The Wall Street Journal reports that the art collection of Cornelius Gurlitt, who died on 6/5/14, has been bequeathed to a museum in Bern. The collection included works looted by the Nazis and ‘assayed’ under the stewardship of Gurlitt’s father, Hildebrand: Matisse, Franz Marc, Monet and Renoir (which last perhaps suggests the basic philistine nature of the national socialists).
German authorities famously carried out a home invasion of Gurlitt’s Augsburg home in 2012 and confiscated the art as, according to the WSJ, “Gurlitt sat shocked in a corner wearing his pyjamas.” This property was never returned to him but the government is acceding to his bequest to send the collection over the border.
Art theft is as old as art but in terms of ownership, possession adds up to 9/10ths. We can do as Bill Bailey suggests and march in to a teller at a Swiss bank declaring a desire to open an account “With Nazi Gold!” or we can admire the mirror held up by German tax authorities to German authoritarianism of an earlier age.
Still on painting, Arthur Boyd’s The Prodigal Son is to go under the hammer in Sydney. Once you compare it with Rembrandt’s effort to render the same biblical tale, or consider any of Boyd’s eye-rolling, stomach-curdling pieces, one dare say better to have this piece go under the landfill.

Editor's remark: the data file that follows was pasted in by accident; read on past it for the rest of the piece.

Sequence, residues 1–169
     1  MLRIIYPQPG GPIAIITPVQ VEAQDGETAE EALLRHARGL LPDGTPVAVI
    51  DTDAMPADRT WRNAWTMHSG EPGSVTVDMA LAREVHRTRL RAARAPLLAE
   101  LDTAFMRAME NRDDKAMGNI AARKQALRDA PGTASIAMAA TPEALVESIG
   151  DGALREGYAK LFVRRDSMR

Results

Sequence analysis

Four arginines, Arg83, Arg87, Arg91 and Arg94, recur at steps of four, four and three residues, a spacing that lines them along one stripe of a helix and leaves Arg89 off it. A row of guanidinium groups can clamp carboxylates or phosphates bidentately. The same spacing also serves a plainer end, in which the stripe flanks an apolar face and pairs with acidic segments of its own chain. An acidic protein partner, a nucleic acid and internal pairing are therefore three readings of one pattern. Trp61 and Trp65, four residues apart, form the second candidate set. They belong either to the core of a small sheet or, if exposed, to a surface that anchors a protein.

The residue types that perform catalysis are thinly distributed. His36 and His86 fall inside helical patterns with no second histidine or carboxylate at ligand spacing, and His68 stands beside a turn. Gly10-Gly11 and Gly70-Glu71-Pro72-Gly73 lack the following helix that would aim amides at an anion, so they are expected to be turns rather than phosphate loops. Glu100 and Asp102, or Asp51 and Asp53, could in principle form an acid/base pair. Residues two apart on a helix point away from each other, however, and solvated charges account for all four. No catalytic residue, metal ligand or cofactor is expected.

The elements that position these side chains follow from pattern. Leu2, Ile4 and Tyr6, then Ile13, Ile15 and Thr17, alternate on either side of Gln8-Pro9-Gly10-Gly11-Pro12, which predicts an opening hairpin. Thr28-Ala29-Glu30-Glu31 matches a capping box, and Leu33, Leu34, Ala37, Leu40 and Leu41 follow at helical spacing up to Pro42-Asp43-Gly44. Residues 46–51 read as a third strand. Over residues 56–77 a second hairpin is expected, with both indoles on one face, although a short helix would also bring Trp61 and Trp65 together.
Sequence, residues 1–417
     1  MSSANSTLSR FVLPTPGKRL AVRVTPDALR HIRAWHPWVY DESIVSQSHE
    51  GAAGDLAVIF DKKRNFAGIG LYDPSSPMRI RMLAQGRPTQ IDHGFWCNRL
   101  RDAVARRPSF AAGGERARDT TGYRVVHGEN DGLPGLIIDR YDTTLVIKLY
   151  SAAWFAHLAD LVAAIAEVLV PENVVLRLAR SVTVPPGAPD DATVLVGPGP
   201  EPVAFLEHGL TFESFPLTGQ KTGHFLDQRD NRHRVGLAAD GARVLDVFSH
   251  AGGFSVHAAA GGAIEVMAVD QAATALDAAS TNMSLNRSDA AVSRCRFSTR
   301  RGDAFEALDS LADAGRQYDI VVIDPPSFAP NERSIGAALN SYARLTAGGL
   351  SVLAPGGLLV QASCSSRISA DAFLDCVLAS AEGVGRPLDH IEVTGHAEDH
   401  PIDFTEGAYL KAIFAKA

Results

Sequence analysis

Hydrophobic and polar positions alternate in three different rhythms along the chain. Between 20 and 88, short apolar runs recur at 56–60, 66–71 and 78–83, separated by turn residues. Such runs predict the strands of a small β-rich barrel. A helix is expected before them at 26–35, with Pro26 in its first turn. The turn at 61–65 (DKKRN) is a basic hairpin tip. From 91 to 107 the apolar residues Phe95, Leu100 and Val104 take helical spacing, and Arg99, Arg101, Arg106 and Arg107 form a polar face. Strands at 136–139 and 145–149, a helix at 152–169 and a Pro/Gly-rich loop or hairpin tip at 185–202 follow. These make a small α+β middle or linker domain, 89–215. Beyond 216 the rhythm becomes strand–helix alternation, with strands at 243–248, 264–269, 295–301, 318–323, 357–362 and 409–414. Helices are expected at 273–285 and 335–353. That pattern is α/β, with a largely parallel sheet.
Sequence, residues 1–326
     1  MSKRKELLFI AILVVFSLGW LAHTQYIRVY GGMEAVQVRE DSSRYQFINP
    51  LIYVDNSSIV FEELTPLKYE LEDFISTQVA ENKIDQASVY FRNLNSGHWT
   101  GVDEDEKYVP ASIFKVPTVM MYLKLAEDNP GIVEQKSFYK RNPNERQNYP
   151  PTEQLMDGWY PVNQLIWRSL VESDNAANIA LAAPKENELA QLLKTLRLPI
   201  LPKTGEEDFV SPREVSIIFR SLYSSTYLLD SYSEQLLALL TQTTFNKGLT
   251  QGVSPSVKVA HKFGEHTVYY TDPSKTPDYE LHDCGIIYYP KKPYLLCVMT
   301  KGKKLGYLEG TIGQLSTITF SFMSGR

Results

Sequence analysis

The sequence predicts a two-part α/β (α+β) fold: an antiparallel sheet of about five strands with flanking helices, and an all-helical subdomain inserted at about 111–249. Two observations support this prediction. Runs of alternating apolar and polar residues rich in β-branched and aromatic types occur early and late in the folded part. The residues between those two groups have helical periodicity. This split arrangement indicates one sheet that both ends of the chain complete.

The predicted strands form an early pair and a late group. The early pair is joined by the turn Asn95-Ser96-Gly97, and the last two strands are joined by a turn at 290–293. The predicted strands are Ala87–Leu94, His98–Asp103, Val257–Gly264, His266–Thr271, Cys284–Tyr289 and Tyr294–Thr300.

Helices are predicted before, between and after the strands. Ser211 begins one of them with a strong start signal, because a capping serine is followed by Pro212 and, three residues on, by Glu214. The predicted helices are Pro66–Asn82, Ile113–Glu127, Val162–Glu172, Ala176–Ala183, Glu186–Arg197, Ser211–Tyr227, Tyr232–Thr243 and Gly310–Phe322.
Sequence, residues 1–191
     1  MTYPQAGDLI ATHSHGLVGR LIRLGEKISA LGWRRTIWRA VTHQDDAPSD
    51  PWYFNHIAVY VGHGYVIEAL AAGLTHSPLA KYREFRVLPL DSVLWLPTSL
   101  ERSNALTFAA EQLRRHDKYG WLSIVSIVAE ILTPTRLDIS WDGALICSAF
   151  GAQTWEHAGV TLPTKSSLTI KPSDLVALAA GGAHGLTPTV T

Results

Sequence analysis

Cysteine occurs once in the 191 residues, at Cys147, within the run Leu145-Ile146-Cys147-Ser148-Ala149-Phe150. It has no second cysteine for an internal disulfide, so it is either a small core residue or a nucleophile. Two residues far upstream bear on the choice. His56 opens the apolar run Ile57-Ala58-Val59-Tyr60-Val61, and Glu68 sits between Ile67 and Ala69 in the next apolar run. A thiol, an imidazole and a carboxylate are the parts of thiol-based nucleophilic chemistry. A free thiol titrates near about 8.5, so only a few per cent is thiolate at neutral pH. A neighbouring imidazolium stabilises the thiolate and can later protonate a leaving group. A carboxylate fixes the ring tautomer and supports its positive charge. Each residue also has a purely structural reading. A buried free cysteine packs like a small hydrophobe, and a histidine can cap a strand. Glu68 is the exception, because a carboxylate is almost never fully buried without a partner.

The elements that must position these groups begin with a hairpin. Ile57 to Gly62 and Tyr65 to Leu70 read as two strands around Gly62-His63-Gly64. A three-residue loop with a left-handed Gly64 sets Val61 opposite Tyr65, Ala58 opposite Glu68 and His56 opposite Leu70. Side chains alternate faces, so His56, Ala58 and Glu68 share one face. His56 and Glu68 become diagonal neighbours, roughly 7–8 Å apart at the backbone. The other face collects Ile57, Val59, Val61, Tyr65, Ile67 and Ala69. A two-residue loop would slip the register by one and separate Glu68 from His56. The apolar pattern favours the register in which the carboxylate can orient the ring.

Tonight (22 November) TVC went to see The Brians at the Promethean, an Adelaide night club in a disused church rendered in the gothic style. Our request for Lou Reed‘s The Day John Kennedy Died, in honour of the date, was ignored, probably correctly in the circumstances but great danceable fun was provided (playlist provided below).
The Brians finished with their homage, Always Look on the Bright Side of Life. But by then, TVC ‘had to zip’. Knock on Wood; The Midnight Hour; Mustang Sally; Suspicious Minds; Walking on Sunshine; Happy; You Make Loving Fun; Superstition; Don’t Stop; Valerie; I Heard it through the Grapevine; Nutbush City Limits; Crazy Little Thing Called Love; Time Warp; Twist and Shout; I Saw Her Standing There; The Letter; Summer of ’69